The little community called Dallas that grew up around Bryan’s settlement was not yet four years old in February 1845 when the United States Congress voted to annex Texas as a state of the USA. John Neely Bryan made a quick trip to Austin to lobby for a separate county organization for Dallas. Under the Republic of Texas, the area east of the Trinity had been part of Nacogdoches County with a county seat 175 miles away.
John Neely Bryan’s settlement at Dallas (1841) was given company and competition by other pioneers who settled nearby, some of whom developed communities that rivaled Bryan’s. In 1842 Thomas Keenan, Isaac B. Webb, and William Cochran arrived with their families and claimed land according to the Peters Colony provisions on a branch of the Elm Fork of the Trinity several miles north of Bryan’s settlement. In the next year, they established a community that came to be known as Farmers Branch.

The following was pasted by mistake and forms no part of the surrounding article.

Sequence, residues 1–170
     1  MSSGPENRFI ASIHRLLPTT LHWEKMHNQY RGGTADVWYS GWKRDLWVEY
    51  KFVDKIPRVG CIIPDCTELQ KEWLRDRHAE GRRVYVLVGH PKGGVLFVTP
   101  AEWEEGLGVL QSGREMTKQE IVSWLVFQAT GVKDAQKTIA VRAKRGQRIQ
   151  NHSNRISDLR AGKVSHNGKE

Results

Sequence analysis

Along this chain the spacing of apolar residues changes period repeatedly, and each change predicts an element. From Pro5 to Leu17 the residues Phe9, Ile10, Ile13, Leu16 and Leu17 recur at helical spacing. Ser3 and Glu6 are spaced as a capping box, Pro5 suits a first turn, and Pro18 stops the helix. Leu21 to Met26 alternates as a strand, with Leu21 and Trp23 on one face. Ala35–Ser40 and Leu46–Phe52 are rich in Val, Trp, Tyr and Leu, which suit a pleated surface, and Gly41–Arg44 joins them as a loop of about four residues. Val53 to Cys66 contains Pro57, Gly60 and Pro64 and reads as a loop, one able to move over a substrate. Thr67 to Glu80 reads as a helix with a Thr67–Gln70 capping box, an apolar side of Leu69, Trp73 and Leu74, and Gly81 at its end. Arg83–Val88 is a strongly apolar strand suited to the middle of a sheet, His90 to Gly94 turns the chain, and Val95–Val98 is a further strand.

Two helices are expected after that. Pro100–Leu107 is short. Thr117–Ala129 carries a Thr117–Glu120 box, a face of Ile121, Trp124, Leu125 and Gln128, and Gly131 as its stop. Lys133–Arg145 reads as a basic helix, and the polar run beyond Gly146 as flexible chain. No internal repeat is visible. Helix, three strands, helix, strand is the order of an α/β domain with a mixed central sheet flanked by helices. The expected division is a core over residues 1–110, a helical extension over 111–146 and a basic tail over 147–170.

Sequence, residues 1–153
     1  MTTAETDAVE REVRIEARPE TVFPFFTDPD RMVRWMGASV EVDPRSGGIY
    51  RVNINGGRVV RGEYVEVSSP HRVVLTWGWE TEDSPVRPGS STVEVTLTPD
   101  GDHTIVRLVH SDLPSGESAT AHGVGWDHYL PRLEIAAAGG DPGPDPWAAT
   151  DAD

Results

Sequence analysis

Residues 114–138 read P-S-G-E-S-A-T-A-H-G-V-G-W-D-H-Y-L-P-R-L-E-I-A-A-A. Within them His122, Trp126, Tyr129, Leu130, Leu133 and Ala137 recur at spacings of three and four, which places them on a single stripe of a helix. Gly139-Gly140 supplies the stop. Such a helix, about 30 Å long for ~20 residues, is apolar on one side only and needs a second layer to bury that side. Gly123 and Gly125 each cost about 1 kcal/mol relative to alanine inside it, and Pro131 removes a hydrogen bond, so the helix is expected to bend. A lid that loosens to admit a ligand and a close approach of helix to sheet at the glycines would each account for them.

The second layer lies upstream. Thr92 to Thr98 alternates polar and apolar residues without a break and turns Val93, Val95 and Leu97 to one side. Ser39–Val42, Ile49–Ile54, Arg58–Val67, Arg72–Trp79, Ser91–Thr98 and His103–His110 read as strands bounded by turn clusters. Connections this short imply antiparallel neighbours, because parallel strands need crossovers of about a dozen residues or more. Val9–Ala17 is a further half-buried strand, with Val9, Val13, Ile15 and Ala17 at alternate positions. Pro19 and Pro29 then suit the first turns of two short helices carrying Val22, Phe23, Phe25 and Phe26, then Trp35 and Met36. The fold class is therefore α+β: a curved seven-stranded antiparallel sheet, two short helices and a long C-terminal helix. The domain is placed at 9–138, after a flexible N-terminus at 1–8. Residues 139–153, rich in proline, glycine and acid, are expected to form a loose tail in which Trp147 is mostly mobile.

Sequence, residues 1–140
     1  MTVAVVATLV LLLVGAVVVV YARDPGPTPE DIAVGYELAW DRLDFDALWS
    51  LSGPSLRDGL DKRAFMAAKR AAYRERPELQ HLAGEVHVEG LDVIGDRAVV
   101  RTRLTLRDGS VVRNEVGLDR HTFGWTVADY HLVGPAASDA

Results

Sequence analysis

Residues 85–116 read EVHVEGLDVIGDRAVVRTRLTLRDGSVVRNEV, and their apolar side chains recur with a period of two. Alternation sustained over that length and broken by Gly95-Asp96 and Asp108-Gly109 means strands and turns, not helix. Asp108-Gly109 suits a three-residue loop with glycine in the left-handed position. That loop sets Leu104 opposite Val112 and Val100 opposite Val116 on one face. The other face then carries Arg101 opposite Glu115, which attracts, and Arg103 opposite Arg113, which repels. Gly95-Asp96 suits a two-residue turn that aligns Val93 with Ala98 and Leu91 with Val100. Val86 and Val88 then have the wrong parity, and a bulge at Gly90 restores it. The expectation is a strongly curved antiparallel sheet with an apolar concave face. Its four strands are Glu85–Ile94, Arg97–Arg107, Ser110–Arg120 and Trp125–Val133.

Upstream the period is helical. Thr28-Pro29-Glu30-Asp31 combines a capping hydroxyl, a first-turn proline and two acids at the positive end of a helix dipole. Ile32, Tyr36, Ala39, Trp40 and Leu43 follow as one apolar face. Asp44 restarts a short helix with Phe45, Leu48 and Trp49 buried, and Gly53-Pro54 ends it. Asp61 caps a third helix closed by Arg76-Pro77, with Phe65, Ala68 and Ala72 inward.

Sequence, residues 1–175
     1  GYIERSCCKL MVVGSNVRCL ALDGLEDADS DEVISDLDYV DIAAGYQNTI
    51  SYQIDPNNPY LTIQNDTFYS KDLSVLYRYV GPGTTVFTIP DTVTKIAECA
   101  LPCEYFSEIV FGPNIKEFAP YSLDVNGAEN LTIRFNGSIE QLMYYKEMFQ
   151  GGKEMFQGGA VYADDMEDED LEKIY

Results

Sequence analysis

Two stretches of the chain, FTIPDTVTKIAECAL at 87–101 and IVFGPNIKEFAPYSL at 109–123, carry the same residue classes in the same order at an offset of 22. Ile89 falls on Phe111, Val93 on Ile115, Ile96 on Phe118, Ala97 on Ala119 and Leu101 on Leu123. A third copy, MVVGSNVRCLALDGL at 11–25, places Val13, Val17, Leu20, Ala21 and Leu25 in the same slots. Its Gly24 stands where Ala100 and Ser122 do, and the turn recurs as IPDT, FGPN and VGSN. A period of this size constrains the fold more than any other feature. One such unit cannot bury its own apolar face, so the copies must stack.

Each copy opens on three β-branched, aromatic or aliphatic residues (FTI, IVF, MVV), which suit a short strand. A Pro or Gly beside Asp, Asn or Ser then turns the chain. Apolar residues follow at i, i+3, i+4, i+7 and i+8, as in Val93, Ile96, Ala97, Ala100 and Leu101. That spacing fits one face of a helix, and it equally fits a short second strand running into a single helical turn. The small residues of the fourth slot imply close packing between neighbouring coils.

There have been people around here for a long, long time, perhaps 10,000 years or more. A historical marker in Denton County notes the discovery in the 1950s of “Clovis” spear points in the area that is now Lake Lewisville. Archeologists rank Clovis points among the very oldest of North American human artifacts.